Apiarist John Graham, of Bennie's Honey, coaxes bees into a
box after complaints regarding a swarm in George St,
Dunedin, yesterday afternoon. Photo by Gerard O'Brien.
The Dunedin lunch-time swarm came with a sting in its
tail for inner-city pedestrians yesterday.
Calls from concerned pedestrians about a large swarm of bees
prompted the Dunedin City Council to call out John Graham, of
The nest was in a cherry tree on the site of the new Lone
Star restaurant in George St.
Bees could be seen flying around the pavement, and startling
Mr Graham said it was "swarm month at the moment", and this
had been amplified by the presence of varroa in the city.
The key to dealing with a swarm was to move the bees, and
particularly the queen, into a box - "once you have the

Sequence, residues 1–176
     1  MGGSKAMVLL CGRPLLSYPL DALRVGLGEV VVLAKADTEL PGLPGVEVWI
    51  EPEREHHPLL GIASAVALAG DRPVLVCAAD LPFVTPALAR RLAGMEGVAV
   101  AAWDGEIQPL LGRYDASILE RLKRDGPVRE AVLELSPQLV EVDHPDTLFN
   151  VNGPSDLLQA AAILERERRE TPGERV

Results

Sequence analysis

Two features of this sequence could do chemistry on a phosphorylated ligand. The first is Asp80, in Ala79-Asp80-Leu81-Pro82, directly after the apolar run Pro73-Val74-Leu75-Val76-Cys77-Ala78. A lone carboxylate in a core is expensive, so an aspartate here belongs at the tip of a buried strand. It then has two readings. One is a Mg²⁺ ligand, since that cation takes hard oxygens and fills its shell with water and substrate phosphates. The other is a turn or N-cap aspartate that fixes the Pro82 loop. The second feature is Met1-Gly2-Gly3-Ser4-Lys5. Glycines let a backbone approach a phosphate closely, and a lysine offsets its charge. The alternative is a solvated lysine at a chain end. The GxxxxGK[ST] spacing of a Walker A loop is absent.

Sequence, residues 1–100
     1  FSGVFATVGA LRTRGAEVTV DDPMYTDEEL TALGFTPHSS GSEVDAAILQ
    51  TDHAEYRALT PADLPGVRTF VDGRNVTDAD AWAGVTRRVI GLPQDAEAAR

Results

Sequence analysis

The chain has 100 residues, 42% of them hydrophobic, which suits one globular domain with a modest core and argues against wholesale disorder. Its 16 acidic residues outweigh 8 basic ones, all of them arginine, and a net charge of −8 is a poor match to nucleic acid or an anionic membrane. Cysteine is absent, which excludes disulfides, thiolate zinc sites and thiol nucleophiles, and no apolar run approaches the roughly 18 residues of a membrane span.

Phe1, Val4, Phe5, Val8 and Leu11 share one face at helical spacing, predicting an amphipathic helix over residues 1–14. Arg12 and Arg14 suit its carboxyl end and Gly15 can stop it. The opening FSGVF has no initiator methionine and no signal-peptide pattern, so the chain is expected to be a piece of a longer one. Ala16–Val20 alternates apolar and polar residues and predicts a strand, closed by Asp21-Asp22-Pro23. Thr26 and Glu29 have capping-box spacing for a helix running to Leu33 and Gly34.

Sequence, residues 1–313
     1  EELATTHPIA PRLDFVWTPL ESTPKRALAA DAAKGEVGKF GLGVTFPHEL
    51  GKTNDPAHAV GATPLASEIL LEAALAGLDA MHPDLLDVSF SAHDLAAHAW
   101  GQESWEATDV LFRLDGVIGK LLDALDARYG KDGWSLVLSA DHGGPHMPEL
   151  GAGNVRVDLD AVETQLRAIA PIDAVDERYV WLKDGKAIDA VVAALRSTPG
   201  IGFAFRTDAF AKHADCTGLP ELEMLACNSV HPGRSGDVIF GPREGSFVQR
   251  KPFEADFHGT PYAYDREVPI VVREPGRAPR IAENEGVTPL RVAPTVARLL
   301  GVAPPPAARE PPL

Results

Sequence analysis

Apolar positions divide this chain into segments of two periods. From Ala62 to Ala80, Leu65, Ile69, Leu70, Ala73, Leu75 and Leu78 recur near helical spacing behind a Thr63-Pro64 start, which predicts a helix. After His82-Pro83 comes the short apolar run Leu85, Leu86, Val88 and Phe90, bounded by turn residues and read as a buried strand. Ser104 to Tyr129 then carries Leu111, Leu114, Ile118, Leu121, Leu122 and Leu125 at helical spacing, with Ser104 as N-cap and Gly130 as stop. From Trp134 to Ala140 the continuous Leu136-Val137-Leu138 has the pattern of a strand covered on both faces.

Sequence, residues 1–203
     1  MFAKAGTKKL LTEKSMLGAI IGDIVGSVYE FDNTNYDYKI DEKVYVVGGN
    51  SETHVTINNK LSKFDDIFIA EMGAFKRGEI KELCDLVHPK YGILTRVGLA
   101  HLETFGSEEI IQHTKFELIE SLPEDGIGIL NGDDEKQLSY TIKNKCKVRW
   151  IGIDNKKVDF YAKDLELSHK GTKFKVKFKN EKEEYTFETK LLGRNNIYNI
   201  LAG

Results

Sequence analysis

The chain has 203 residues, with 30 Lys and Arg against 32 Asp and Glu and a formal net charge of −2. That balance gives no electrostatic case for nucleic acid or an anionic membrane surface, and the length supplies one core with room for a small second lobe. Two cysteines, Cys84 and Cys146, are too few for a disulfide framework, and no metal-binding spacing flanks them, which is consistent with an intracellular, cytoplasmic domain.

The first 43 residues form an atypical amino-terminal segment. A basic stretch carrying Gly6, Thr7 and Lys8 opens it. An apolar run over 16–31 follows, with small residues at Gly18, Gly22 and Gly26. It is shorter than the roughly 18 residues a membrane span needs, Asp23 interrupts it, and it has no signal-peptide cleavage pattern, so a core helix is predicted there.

queen, then all the bees will go in there anyway".
Although no bees were harmed in the shift, Mr Graham sported
two stings for his troubles.
"I don't really notice any more, but one day I might have one
Mr Graham said bees were quite docile when swarming, as all
they wanted to do was stay with the queen.
"They want to stay with her and she has a very strong scent,
and I use air freshener to stop the scent of the queen
staying on the tree."
He estimated the hive, which had been sprayed for varroa,
contained between 8000-10,000 bees and could be producing
honey by Christmas.